Drug Information Center – Forum
Volume 1, Issue 5
Thursday, November 16, 2000
- Stephanie Bivins
- Jason Bui
- Leslie Castillo
- Jason Chow
- Sylvia Jacob
- Sao Ly
This information taken from http://www.fda.gov/cder/da/da.htm#latest
- Mitoxantrone hydrochloride
- Approved for reducing neurologic disability and/or the frequency of clinical relapses in patients with secondary (chronic) progressive, progressive relapsing, or worsening relapsing-remitting multiple sclerosis (ie., patients whose neurologic status is significantly abnormal between relapses)
- Manufactured by Immunex Corp
- NDA 21-120
- Crixivan® 10-4-00
- Indinavir Sulfate (200mg, 400mg)
- In combination with antiretroviral agents is indicated for the treatment of HIV infection
- Manufactured by Merck Research Laboratories
- NDA 020-685/S022
- Lescolâ 10-23-00
- Fluvastatin Sodium (20mg, 40mg)
- Approved for use as a component of multiple risk factor intervention in those individuals at significantly increased risk for atherosclerosis vascular disease due to hypercholesterolemia
- Manufactured by Novartis Pharmaceuticals Corporation
- NDA 20-261/S018
- Biaxinâ 10-20-00
- Clarithromycin (250mg, 500mg)
- For the addition of Haemophilus influenzae to the previously approved indication of Community-Aquired Pneumonia for Biaxin Filmtab.
- Manufactured by Abbott Laboratories
- NDA 50-662/S029
- Priftin® 10-20-00
- For the treatment of pulmonary tuberculosis in conjunction with at least one other antituberculosis drug to which the isolate is susceptible
- Manufactured by Aventis Pharmaceuticals Inc
- NDA 21-024/SE7-005
- Neurontin® 10-12-00
- For use as an adjunctive therapy in the treatment of partial seizures in pediatric patients age 3 years and above
- Manufactured by Parke Davis Pharmaceutical Research Div Warner Lambert Co
- NDA 20-235/ S11
- The Food and Drug Administration (FDA) is taking steps to remove phenylpropanolamine (PPA) from all drug products. FDA issued a public health advisory concerning the risk of hemorrhagic stroke, or bleeding into the brain, associated with phenypropanolamine hydrochloride.
Methylene Blue Improves the Hepatopulmonary Syndrome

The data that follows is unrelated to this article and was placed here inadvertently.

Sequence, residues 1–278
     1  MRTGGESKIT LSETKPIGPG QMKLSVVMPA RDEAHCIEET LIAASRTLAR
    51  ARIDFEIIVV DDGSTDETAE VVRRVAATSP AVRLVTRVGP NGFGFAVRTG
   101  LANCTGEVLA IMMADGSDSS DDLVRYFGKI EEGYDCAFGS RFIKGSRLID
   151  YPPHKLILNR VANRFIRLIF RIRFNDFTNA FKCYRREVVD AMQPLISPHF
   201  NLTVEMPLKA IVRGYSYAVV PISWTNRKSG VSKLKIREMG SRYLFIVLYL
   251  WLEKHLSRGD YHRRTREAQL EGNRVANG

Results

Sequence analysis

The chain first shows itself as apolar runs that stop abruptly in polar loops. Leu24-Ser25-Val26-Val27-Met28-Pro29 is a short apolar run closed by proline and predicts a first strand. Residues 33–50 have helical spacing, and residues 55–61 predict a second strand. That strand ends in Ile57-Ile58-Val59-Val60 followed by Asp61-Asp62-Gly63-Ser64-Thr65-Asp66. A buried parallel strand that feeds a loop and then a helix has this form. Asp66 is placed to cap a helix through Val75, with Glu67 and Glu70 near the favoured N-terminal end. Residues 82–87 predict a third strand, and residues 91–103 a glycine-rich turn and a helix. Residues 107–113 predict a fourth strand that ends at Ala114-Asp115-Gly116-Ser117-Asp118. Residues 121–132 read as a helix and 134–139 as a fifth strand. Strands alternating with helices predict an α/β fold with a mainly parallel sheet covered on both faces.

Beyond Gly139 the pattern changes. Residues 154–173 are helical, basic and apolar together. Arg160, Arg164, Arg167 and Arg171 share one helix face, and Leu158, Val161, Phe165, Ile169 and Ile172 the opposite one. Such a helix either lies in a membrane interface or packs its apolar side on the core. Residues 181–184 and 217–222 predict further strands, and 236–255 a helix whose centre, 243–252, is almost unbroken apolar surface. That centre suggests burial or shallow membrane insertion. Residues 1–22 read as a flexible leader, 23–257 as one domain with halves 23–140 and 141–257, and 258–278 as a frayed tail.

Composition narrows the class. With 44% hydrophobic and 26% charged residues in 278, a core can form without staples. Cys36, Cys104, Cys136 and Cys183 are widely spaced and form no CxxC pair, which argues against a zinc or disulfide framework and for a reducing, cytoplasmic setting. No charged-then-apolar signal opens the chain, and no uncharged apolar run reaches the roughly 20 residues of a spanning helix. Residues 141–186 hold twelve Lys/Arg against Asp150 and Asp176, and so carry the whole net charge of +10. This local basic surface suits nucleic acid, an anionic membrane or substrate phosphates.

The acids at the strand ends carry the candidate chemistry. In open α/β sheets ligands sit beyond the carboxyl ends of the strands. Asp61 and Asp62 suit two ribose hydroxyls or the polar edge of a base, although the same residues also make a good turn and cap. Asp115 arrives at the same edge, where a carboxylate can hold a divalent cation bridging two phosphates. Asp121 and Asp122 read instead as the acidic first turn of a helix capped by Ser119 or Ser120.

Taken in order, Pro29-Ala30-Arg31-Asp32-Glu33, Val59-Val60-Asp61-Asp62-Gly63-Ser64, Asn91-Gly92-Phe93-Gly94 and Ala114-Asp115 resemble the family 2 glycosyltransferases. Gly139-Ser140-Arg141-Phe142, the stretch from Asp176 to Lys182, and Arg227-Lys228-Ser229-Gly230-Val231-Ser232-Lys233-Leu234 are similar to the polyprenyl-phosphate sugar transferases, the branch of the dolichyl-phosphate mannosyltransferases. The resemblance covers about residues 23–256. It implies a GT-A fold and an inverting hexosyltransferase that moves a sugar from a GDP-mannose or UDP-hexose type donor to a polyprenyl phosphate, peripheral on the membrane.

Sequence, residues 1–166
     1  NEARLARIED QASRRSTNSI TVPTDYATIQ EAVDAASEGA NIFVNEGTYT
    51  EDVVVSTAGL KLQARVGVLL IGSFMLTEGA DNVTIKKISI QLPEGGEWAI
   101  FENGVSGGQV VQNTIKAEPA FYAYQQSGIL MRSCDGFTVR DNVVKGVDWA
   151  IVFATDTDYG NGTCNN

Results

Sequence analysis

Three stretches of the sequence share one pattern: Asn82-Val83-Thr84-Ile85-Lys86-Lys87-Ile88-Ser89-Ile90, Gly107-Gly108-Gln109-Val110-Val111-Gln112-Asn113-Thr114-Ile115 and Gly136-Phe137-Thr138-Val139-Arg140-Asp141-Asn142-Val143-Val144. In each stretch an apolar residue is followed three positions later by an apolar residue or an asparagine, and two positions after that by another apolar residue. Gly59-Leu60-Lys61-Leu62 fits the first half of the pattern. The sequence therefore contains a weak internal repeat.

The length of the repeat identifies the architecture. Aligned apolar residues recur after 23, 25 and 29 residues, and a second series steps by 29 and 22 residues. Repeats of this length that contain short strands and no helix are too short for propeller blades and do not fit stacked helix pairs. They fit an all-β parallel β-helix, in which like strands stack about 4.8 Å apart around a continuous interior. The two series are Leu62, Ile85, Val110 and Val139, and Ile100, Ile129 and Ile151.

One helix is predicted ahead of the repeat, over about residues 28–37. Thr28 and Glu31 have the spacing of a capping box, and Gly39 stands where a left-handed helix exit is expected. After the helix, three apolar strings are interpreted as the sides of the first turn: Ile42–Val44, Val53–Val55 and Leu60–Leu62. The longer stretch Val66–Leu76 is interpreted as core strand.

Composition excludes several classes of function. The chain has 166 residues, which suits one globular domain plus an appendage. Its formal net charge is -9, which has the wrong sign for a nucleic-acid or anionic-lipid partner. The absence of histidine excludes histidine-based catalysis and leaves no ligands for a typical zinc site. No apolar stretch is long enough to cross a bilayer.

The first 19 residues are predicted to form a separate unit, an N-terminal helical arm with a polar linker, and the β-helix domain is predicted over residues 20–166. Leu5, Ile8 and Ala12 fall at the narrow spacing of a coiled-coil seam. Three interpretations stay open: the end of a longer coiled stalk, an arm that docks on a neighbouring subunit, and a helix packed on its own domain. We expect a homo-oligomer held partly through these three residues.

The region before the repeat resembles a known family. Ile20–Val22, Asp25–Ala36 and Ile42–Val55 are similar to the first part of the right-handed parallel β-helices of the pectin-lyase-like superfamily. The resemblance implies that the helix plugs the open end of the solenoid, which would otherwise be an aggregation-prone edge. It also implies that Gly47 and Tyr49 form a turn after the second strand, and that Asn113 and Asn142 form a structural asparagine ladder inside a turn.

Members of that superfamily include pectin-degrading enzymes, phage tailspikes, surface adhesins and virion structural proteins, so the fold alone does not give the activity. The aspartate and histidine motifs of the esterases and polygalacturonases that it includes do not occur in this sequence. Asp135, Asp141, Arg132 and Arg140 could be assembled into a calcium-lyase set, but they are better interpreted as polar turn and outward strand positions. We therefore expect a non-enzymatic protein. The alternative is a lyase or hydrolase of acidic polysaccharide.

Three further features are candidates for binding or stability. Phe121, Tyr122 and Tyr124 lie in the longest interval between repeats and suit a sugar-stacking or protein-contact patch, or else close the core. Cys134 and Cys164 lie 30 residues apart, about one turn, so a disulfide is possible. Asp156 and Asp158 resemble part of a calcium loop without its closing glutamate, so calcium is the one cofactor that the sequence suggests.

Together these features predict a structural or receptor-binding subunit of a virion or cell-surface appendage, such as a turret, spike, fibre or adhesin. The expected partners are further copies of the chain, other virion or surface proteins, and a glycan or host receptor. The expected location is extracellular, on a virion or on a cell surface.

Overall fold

Peter Schenk, Christian Madl, et al.
Ann Intern Med November 7, 2000;133:701-706.
The hepatopulmonary syndrome is a combination of liver disease, pulmonary gas exchange abnormalities, and widespread pulmonary vasodilation. This open trial in seven patients with severe hepatopulmonary syndrome examines the effectiveness of intravenous methylene blue, an oxidizing agent which inhibits NO-induced vasodilation.
Methylene blue administration led to an increase in PaO2 in all patients, with a maximum effect after 5 hours. The results of this trial indicate that methylene blue may be a treatment worthy of further study in the treatment of hepatopulmonary syndrome.
Reviewed by Jason Bui
Characteristics of Tranquilizer Use Among Australian Vietnam War Veterans
Christopher Alderman, Andrew Gilbert, John Condon
Ann Pharmacother November 2000;34;1243-1248.
This study examines tranquilizer use by Australian Vietnam War veterans. Fifty-one Australian Vietnam War veterans were interviewed in order to gather information on their medical and psychiatric history and their use of alcohol, tobacco, and other substances. Subjects were also assessed using the Hamilton Anxiety Rating Scale (Ham-A) and a tranquilizer dependence rating scale. Most subjects used a tranquilizer for nighttime sedation, and a majority of subjects met the criteria for tranquilizer dependence. The researchers conclude that this is an area where intervention may be needed.
Reviewed by Jason Chow
Inhaled Zanamivir for the Prevention of Influenza in Families
Frederick G. Hayden, Larisa V. Gubareva, Arnold S. Monto, et al.
New Engl J Med November 2, 2000;343:1282-1289.